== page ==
stock exchange

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Stock Exchange

A place, whether physical or electronic, where stocks, bonds, and/or derivatives in listed companies are bought and sold. A stock exchange may be a private company, a non-profit, or a publicly-traded company (some exchanges have shares that trade on their own floors). A stock exchange provides a regulated place where brokers and companies may meet in order to make investments on neutral ground. The concept traces its roots back to medieval France and the Low Countries, where agricultural goods were traded for cash or debt. Most countries have a main exchange and many also have smaller, regional exchanges. A stock exchange is also called a bourse or simply an exchange.

stock exchange

stock exchange

a MARKET which deals in the buying and selling of company stocks and shares and government bonds. See STOCK MARKET entry for fuller discussion.

stock exchange


stock market

A MARKET that deals in the buying and selling of company STOCKS and SHARES and government BONDS. The stock exchange and the MONEY MARKET (which deals in short-term company and government securities) are the main source of external capital to industry and the government.

Institutions that are involved in the UK stock exchange include MARKET MAKERS (who act as JOBBERS and STOCKBROKERS), specialist stockbrokers, ISSUING HOUSES, MERCHANT BANKS and, as general buyers and sellers of securities, the CENTRAL BANK, COMMERCIAL BANKS, PENSION FUNDS, INSURANCE COMPANIES, UNIT TRUSTS and INVESTMENT TRUST COMPANIES, together with private individuals, industrial companies and overseas investors and institutions.

The stock exchange performs two principal functions. It provides:

  1. a primary or ‘new issue’ market where capital for investment and other purposes can be raised by the issue of new stocks, shares and bonds (see SHARE ISSUE), and;
  2. a ‘secondary’ market for dealings in existing securities, including forward dealings (see FUTURES MARKET), which facilitates the easy transferability of securities from sellers to buyers.

Day-to-day movements in the prices of shares (and other securities) are recorded by various SHARE PRICE INDICES (for example, the FTSE-100 share index).

The stock exchange thus occupies an important position in a country's FINANCIAL SYSTEM by providing a mechanism for channelling savings into physical and portfolio investment.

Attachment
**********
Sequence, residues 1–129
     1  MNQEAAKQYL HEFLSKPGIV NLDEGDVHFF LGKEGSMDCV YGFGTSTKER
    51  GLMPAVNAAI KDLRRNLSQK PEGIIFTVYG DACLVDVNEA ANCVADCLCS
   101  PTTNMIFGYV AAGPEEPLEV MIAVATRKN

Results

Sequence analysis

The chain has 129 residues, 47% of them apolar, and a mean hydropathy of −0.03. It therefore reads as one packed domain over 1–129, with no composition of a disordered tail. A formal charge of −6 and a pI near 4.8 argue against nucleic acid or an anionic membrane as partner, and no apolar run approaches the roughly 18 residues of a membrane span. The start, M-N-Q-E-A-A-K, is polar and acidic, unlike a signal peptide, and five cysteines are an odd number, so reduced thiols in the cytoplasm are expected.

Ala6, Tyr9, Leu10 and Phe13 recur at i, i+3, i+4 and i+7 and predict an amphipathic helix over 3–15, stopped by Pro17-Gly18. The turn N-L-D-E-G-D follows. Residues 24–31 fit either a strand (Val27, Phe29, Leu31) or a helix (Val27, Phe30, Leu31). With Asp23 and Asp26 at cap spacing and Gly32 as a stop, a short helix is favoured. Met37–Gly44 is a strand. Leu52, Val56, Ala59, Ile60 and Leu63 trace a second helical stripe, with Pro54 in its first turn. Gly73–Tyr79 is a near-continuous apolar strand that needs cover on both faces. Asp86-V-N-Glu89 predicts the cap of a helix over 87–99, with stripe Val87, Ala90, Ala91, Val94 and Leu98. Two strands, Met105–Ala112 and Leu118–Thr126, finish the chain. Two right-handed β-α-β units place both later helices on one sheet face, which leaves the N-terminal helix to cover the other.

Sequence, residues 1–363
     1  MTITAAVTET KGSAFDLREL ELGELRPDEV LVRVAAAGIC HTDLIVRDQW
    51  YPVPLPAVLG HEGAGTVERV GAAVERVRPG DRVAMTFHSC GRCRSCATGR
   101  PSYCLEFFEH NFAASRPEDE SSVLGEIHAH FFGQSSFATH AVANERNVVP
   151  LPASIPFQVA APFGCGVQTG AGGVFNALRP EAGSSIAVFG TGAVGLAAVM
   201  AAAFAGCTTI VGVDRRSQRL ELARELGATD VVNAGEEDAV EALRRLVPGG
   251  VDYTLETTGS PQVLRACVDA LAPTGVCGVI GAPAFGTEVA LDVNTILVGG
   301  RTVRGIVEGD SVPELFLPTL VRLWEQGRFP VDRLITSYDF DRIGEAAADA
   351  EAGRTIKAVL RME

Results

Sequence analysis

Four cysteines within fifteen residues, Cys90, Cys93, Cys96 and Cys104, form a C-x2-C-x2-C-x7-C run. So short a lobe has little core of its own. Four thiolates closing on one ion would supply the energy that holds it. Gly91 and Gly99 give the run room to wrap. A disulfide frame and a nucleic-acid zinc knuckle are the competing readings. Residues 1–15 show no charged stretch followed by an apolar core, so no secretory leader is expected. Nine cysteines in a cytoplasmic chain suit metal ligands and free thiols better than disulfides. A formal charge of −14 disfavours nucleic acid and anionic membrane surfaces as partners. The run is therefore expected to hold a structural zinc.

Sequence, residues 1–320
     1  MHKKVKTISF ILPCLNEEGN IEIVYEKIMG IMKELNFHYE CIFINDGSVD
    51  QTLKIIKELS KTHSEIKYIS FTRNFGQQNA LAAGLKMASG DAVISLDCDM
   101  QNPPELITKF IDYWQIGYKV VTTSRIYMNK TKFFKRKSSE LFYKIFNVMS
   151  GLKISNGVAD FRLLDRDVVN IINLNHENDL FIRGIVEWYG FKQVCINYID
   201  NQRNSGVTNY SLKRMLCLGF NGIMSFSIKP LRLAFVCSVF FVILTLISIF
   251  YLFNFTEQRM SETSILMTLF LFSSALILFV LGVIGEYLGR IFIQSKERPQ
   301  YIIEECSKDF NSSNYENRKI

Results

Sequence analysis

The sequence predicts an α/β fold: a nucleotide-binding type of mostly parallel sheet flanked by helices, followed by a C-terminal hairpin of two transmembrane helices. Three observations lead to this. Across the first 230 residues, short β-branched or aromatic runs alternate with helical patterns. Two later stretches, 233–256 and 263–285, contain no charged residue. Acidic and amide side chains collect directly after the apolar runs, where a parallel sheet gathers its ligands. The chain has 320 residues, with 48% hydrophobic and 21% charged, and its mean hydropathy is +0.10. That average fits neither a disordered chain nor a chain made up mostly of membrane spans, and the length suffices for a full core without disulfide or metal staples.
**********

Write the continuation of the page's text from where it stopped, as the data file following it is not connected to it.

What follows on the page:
In the UK, the London Stock Exchange is the country's centre for dealings in securities, and the LONDON INTERNATIONAL FINANCIAL FUTURES EXCHANGE provides a market for commodities, currencies, etc.

In order to obtain a full listing or quotation on the London Stock Exchange for their shares, companies must satisfy various requirements, including proof of their financial standing and previous business history, and be prepared to issue at least 25% of their shares to the investing public. Additionally, more flexible arrangements have been introduced to allow smaller companies to raise capital without obtaining a full listing (see UNLISTED SECURITIES MARKET).

In recent years, stock markets worldwide, such as those based in London, New York, Tokyo, Zurich and Paris, have become increasingly interdependent with the growth of multinational companies, whose shares are traded on a number of exchanges, while financial institutions and securities firms themselves have become more internationally based. This has led to an increase in competitive pressures, which has brought about a number of important changes, particularly in the case of the UK stock exchange, including:

  1. the so-called ‘big bang’ - the termination (under the prodding of the OFFICE OF FAIR TRADING) of the cartel arrangements for fixing minimum commissions on securities transactions and the ending of the traditional division between the stockbroking and jobbing functions;
  2. various mergers and joint ventures between UK securities firms and international securities and banking groups so as to provide clients with a more diversified range of financial services and geographical spread;
  3. the computerization of dealing systems, using the Stock Exchange Automatic Quotations System (SEAQ), which provides a mechanism for linking buying and selling transactions on a global basis. This has largely transferred day-to-day business from a physical presence on the stock-exchange floor to telephone exchanges and the use of VDU computer terminals in dealing rooms.